Review by: Jack Foley | Rating:
DVD SPECIAL FEATURES: In Bad Company: An Inside Look.
THE old mis-matched partnership routine is given another tired
re-working in this by-the-numbers action flick from the Jerry
Anthony Hopkins and Chris Rock star as the mis-matched duo in
question, this time pitting their wits against two groups of Eastern
European terrorists bidding to bring a nuclear bomb to America.
Yet try as they might, the stars lack the necessary chemistry
or direction to elevate this dumb thriller above the mediocre,
making this an instantly forgettable movie experience.
Given that this is a Bruckheimer production, however, viewers
have every reason to expect the usual high-octane show of pyrotechnics,
but even these lack much spark, with Joel Schumachers direction
failing to strike the right balance between the comedy and the
Hopkins stars as veteran CIA agent Gaylord (!) Oakes, who must
transform Rocks sarcastic, street-wise punk, Jake Hayes,
into a sophisticated spy to replace his murdered identical twin
brother, Kevin Pope (also Rock), in order to complete the purchase
of a nuclear bomb and thus save the free world.
Yet while the two initially get off on the wrong foot, a begrudging
respect develops between them, with Oakes forced to come to terms
with his role in the death of Pope, and Oakes finally being forced
to live up to his untapped potential (he is great at chess).
Bad Company strives very hard to recapture the type of successful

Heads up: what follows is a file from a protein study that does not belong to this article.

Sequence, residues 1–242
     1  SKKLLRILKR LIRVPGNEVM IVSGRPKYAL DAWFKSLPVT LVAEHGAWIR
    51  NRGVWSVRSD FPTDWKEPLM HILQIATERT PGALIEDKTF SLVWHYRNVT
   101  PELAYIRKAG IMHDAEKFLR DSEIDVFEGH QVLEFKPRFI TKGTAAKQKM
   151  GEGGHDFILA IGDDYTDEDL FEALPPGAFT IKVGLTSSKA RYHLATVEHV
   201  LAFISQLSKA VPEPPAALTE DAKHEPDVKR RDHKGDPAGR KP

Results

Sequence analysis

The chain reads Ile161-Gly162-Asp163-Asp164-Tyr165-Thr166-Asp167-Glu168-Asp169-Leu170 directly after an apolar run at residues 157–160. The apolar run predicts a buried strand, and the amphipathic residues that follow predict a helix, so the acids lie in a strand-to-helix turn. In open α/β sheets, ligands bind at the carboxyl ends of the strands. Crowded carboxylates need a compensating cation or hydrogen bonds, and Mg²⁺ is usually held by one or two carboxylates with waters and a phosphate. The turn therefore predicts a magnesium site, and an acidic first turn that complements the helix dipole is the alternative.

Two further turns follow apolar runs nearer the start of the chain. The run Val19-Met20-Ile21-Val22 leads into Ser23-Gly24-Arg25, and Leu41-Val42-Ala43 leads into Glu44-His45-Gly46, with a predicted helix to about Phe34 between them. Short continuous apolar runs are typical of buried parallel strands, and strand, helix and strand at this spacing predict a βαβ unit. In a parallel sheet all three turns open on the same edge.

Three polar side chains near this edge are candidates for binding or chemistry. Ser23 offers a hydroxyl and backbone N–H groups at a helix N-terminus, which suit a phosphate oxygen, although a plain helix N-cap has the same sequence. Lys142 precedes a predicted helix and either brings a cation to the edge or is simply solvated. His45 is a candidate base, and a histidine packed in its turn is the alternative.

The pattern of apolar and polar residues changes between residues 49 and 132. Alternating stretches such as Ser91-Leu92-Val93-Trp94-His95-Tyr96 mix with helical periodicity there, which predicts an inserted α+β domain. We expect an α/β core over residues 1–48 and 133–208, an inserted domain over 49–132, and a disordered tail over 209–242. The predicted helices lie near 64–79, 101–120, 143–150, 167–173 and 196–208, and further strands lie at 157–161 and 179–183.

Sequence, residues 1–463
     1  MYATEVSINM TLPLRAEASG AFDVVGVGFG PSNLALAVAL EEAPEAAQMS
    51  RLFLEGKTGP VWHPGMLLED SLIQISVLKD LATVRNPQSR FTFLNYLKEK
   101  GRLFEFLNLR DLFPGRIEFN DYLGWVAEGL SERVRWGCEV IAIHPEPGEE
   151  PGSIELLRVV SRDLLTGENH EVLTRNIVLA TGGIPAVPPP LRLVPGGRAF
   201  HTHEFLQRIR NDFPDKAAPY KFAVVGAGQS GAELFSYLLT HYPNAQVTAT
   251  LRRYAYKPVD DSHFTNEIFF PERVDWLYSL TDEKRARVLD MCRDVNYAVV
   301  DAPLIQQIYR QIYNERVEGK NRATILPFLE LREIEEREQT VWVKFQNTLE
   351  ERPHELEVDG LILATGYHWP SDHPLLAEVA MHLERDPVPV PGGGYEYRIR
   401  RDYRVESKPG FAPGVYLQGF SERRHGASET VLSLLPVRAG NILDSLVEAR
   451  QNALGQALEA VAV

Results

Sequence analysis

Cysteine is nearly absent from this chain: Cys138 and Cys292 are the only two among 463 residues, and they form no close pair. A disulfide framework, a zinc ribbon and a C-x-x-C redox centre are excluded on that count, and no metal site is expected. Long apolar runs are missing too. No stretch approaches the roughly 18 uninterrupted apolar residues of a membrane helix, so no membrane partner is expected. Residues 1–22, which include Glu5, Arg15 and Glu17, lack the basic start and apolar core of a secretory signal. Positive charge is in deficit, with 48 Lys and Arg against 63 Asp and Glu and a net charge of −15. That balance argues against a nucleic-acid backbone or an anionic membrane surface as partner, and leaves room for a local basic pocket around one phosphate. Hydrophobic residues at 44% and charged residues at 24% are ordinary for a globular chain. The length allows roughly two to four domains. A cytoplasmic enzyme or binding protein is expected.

Box Office formula displayed in action flicks such as Enemy
of the State and Lethal Weapon (that of the older charge taking
on a younger, more reckless partner) without ever really coming
close. Rock lacks the emotional gravitas of a Will Smith or
Danny Glover, while his stand-up routine is frequently tiresome,
leaving Hopkins to pick up the pieces. Sadly, he doesnt
look interested, turning in the type of performance he could
prepare for in his sleep.
In fact, the best person in it is Gabriel Macht, as Oakes's
right-hand man, who handles most of the action sequences,
while exuding the type of charisma usually reserved for the
leading man. He deserves his own movie, but is sadly wasted
at every opportunity.
Worse still, the film looks and feels like it has ripped-off
better movies, most of them Bruckheimer productions, as well
as the likes of The Peacemaker (particularly during its New
York-based, race-against-time climax).
Schumachers direction also feels thrown together at
times, allowing very little time for any character development
or, worse, tension or excitement. Scenes have the habit of
ending very suddenly, creating a jarring effect to the flow.
The director is one of those Jekyll and Hyde types, who can
produce work of the quality Falling Down and Tigerland
one minute, or Dying Young and Batman and Robin the next.
His collaboration with Bruckheimer falls into the latter category,
so it remains to be seen what type of treatment the partnership
will give to the forthcoming Veronica Guerin, the true story
of the Dublin journalist who was assassinated while reporting
on Irish organised crime.
Ironically, it is Hopkins on-screen character who sums
up Bad Company best, for when hearing about the CIAs
plan to recruit and train Rock to save the world, he merely
sighs and mutters
this smacks of desperation.
Hes not wrong.